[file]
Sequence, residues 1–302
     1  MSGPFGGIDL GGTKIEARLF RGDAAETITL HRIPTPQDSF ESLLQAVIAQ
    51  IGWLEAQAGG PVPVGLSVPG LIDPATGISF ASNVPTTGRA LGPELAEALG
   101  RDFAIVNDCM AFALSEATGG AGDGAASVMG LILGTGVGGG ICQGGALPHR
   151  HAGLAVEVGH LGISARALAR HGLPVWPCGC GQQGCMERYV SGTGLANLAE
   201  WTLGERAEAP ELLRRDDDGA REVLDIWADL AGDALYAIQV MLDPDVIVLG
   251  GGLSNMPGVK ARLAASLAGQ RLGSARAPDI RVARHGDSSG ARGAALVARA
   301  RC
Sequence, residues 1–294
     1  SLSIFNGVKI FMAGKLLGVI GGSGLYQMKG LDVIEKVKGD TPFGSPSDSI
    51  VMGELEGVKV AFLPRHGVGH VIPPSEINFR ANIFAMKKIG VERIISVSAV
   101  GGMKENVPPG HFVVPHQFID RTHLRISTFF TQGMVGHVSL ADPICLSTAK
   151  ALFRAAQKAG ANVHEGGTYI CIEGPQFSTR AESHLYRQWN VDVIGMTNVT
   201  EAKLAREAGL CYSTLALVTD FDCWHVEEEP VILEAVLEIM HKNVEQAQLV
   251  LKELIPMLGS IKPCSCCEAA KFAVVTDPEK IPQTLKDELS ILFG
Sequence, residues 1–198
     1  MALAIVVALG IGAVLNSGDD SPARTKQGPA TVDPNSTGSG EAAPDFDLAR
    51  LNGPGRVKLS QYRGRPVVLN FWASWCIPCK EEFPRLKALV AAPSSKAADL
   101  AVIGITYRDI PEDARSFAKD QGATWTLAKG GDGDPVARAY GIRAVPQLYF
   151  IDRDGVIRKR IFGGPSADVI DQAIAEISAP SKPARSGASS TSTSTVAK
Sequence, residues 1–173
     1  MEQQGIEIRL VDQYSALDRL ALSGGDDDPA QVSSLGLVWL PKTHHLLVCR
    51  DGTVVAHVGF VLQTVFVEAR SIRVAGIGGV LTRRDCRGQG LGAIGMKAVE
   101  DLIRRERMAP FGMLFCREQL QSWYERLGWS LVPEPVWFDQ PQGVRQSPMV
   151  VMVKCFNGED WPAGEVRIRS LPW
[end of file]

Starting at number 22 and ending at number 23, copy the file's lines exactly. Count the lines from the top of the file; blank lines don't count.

     1  MEQQGIEIRL VDQYSALDRL ALSGGDDDPA QVSSLGLVWL PKTHHLLVCR
    51  DGTVVAHVGF VLQTVFVEAR SIRVAGIGGV LTRRDCRGQG LGAIGMKAVE